The past year has seen many people across the world grapple with a very specific type of loss; the sadness of a trip not taken, the mourning of exploring new cultures, the yearning for experiences beyond the anomie of the supermarket. As that strong desire for, and impulse to, wander the world fell prey to the pandemic in a turbulent 2020, we seemed at one point to be surging toward an anticipatory dystopia. Who were we without travel? What do we have to look forward to when there is no international holiday booked for summer?
Over the course of the past 12 months, we’ve been commissioning artists, painters and illustrators from different cities all over the world to paint a picture of what they see out their windows – either real or imaginary. Most artists have been confined to these cities during the global lockdowns, and all have a close connection to the place they have illustrated. Each artist has a “GRAZIA At Home City Guide” perched on their window sill, insider guides to the cities you need to visit and recollections of moments past in these nooks of the world; how they drank in the palaces, how they wandered through the parks and how they ate and ate and ate. There’s recommendations too – local dishes, phrases and lessons – so you can start imagining your own itinerary from the comfort of your own home. Today, we’re headed to Paris.
The cliché of Paris is its magnificence. Yes, it lives up to many of its burgeoning stereotypes – opulent, trés chic, grumpy (sometimes) – and the indubitable notion of elegance and luxury. Its opulence, its style, even its pomposity, render the city a destination almost everyone falls in love with.
But take a local and the lens looks different. For illustrator and graphic artist Mez Clark, the magic of the French capital lays less in its luxury and more in its romance, whimsy and ability to spark creativity.
“Find a corner in a café, order a coffee and sit down and take in the atmosphere. Watch the world go by for a while,” she suggests of the “pretty picture postcard” she calls home. “During ‘le confinement’ [read: lockdown] I worked on a couple of illustration projects. Art and creativity is a massive part of Paris’s culture, so sketching and writing always brings me close to the feeling of living that ‘Bohemian Parisian life’.”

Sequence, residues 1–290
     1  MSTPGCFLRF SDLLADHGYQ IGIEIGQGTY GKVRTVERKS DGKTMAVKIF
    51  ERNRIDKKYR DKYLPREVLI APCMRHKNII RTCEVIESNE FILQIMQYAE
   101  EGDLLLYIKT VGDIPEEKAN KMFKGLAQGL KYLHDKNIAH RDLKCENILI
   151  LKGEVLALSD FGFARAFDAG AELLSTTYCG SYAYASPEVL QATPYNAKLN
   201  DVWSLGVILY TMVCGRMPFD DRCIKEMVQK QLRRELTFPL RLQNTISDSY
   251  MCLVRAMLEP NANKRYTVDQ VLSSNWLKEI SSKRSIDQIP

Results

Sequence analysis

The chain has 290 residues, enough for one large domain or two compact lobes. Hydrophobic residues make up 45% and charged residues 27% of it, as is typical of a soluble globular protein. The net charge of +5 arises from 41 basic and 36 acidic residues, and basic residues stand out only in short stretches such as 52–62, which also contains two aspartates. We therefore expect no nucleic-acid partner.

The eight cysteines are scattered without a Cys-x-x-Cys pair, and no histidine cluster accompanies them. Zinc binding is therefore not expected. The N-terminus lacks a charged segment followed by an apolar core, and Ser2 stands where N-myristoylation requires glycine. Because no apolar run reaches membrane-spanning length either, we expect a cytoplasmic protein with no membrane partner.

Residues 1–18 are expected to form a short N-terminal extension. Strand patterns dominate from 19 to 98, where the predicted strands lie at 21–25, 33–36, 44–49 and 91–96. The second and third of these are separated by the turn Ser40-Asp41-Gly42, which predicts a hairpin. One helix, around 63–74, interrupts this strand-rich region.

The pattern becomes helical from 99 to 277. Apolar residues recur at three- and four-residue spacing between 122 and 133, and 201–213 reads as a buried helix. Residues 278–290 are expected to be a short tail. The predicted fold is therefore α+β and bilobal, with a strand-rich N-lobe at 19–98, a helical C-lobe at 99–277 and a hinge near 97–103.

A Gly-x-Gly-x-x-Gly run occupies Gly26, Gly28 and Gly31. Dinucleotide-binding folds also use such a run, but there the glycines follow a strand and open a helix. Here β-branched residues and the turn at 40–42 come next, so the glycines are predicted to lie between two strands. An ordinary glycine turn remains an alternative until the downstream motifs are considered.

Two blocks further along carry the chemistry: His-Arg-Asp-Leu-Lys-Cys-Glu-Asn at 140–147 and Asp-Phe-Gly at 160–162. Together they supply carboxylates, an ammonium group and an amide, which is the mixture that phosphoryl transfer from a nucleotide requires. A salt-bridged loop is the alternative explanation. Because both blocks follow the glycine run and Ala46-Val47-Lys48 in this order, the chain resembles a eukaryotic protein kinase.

For her window illustration, Clark has worked her usual “playful” aesthetic in with some humour and love. “I remember the business of Paris; the rushing around, the excitement. There was also so many things to see and even more places to be.” She says.
Thinking back to her younger years, Clark’s fondest memory is running from one movie theatre to the Opera.
“One winter’s evening, my sister, a friend and I saw Harry Potter at the ciné before going to the Opéra to see Swan Lake,” Clark says. “In between, we enjoyed a rather cheesy fondue. We were living the ‘foyer de jeune fille’ which was a property run by Spanish nuns. They would lock up at a certain time of night so had to run home so as not to be shut out. It was a super fun night.”
When the world opens up and you do return to Paris, take the scene less travelled. “Hot cheese and egg crêpes are my favourite,” Clark says. “They are cheap, warm and perfectly portable so you can continue walking around the city. Equally croissants or any French pastries are a must. Oh and don’t forget the oreilletes.”
After. Long day of walking, Clark suggests getting wine or beers and sitting along Canal Saint-Martin with friends. After a year inside, the mind truly boggles at such a thought.
Follow Mez Clark @mez.clark and add a little piece of Paris to your living room with the below items; a sketchbook, a french press and a screening of swan lake.
Smythson Black Portobello Sketchbook, via Ssense.com. shop now
Tom Dixon Silver Brew Cafetiere, 750 mL, via Ssense.com. shop now
stream “Swan Lake” now on Amazon Prime, performed by russia’s bolshoi ballet. stream here.